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Author Topic: Am I black?  (Read 15434 times)

Bluenine

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Re: Am I black?
« Reply #20 on: May 04, 2005, 11:34:56 AM »
Honestly, no you're not black, you're most likely Arab.  From my understanding, AA was meant to benefit African-Americans (descendants of American slaves), not Africans, West Indians, etc. There has actually been much debate about this topic recently (Africans taking advantage of AA.)

In any event, you're not black.  

What if you are a descendant of a West Indian slave, but migrated to this country, where you now live, and study, and work, and strain under the same weight as someone who was born here?.    What if you came here when you were 18 years old, or 8 years old, or 8 months old?   At what point do you gain enough African Americaness to be able to check that box?  I’m from the West Indies, a straight up reggae-loving, Carnival-going West Indian.  So I’m interested on your take on this.

Honestly, in my opinion, you would never get to check that box.  I mentioned that there was a debate regarding this, and I have to say I side with those who believe AA should be limited to the descendents of American slaves.  Don't get me wrong, I'm a pan-Africanist and strongly believe in uplifting all of the members of the African diaspora.  HOWEVER, first and foremost, I am a Black American and feel entitled to certain rights in this country.  My West Indian/African bredren didn't have to endure what my parents, grandparents, great grandparents, etc. had to in THIS country.  Shoot, most of the West Indians I've come across make it a point not to identify with "Yankees".

I know people will disagree with me but that comes with the territory.  Far too often, people are "black/African American" when it's convenient. I guess it all depends on how you define black or African American. How do you define it?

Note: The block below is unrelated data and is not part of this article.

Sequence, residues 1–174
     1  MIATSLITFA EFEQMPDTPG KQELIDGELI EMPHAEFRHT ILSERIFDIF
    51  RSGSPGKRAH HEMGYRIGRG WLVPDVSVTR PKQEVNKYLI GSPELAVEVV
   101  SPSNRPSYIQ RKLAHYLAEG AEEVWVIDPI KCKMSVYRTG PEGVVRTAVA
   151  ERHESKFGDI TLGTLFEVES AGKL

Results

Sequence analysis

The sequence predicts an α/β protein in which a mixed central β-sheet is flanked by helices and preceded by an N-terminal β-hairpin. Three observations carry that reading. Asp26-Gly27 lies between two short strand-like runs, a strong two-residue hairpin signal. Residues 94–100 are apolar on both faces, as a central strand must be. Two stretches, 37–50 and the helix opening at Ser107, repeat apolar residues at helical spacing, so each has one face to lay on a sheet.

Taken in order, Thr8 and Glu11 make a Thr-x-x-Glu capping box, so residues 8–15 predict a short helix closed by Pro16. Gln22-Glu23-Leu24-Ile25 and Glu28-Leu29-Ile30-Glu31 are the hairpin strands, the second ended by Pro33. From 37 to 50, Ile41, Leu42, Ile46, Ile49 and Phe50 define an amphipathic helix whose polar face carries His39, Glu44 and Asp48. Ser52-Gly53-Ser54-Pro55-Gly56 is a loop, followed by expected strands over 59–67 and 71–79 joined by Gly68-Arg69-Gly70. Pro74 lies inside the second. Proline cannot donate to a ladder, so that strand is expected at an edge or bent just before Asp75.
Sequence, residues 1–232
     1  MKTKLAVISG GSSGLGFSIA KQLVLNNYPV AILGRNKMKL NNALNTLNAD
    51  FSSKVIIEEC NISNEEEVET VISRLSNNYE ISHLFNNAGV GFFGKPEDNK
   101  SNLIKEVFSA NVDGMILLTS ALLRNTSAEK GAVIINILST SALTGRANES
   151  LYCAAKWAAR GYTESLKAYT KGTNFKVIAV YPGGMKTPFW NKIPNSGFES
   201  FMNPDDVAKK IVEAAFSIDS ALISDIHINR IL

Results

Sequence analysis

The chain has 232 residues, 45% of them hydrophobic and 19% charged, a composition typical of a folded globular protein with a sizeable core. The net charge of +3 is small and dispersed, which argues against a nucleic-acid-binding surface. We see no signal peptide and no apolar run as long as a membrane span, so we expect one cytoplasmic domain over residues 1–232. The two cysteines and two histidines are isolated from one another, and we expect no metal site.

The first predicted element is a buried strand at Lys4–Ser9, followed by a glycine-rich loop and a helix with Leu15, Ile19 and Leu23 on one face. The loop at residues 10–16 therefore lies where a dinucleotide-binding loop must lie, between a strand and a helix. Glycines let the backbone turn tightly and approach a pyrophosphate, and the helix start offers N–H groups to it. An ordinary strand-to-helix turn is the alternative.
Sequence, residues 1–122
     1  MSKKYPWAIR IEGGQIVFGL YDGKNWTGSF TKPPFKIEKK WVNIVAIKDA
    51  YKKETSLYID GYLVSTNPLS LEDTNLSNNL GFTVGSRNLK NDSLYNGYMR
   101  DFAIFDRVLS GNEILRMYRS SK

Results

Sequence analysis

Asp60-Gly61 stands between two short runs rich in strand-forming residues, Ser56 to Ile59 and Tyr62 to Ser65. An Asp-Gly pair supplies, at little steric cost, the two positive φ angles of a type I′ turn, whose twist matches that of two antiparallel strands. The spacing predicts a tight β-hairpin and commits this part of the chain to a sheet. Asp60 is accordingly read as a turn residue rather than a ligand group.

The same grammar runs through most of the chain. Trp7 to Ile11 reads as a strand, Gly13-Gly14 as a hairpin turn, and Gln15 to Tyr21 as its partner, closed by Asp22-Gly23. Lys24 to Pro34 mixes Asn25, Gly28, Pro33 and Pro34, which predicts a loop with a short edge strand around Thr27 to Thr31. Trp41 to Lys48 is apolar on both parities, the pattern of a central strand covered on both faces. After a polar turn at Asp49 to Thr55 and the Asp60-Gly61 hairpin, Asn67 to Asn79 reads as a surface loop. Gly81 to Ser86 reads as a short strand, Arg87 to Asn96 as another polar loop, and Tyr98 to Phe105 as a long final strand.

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meeno

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Re: Am I black?
« Reply #21 on: May 04, 2005, 11:37:55 AM »
If you have to ask this question, you know and I know you're NOT...Do you and keep your integrity, you don't want to start a LEGAL career built on a lie...Remember they do background checks to pass the bar. You don't want to be answering the why did you put "African American" on your lawschool app? Be proud to be Arab.

That's the thing though, I am not lying if I believe it to be true, which I somewhat do.  Even within Egypt (southern Egypt in particular) you have blacks, as in truely African.  I mean, where do you draw the line?  African-American to me means you have roots in Africa, which I do.  And btw I am not arab.  Arab=Muslim (which I am not) but my ancestors are the true Egyptians, meaning pharoes, etc.

I don't know, I'm in a difficult position.  One thing that is certain though is that i'm not white.

since when does arab=Muslim? please don't spread misconceptions about this issue on a message board. even if you're Coptic and not Arab (which is a cultural/linguistic group), that does not mean all Arabs are Muslim and the reverse is also extremely far from the truth. if you choose to identify yourself as African American, technically I think its valid, but in my opinion, its based on the fact that the people of Southern Egypt are definitely people of African descent and have experienced discrimination in their home country, as well possibly facing racial discrimination in the U.S. hth

Way to check dude on Arab=muslim.  When I saw that I was like, huh!?

Well let me rephrase my original question to ''Am I African-American?''  The box to check says ''Black/African-American,'' suggesting to me that there's a slight difference.

I am Coptic, which is a minority in egypt (10%).  The reason I said Arab=Muslim is because 90% of the Arab population is Muslim.  I'm sure there exceptions but that's generally the case.

So to reiterate, I believe that I am AA but not necessarily black.  But since it says AA/black I don't think I'm out of line by checking it.

blk_reign